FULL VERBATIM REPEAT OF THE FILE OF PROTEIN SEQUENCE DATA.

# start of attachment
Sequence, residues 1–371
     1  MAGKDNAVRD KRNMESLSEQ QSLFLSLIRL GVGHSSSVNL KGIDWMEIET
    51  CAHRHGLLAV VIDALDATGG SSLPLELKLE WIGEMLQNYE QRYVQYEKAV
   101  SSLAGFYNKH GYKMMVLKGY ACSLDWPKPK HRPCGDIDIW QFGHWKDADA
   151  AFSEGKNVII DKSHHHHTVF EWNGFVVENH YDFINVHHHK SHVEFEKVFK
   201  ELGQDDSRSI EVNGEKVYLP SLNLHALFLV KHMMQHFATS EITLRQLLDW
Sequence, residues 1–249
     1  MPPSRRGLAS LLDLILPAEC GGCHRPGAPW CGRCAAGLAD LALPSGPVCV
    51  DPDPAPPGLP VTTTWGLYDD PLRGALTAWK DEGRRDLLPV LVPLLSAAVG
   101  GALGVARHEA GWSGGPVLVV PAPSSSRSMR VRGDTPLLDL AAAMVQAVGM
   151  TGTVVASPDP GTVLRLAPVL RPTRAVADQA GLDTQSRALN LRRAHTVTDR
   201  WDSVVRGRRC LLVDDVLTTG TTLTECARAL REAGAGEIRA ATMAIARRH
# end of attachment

Sequence, residues 1–371
     1  MAGKDNAVRD KRNMESLSEQ QSLFLSLIRL GVGHSSSVNL KGIDWMEIET
    51  CAHRHGLLAV VIDALDATGG SSLPLELKLE WIGEMLQNYE QRYVQYEKAV
   101  SSLAGFYNKH GYKMMVLKGY ACSLDWPKPK HRPCGDIDIW QFGHWKDADA
   151  AFSEGKNVII DKSHHHHTVF EWNGFVVENH YDFINVHHHK SHVEFEKVFK
   201  ELGQDDSRSI EVNGEKVYLP SLNLHALFLV KHMMQHFATS EITLRQLLDW
Sequence, residues 1–249
     1  MPPSRRGLAS LLDLILPAEC GGCHRPGAPW CGRCAAGLAD LALPSGPVCV
    51  DPDPAPPGLP VTTTWGLYDD PLRGALTAWK DEGRRDLLPV LVPLLSAAVG
   101  GALGVARHEA GWSGGPVLVV PAPSSSRSMR VRGDTPLLDL AAAMVQAVGM
   151  TGTVVASPDP GTVLRLAPVL RPTRAVADQA GLDTQSRALN LRRAHTVTDR
   201  WDSVVRGRRC LLVDDVLTTG TTLTECARAL REAGAGEIRA ATMAIARRH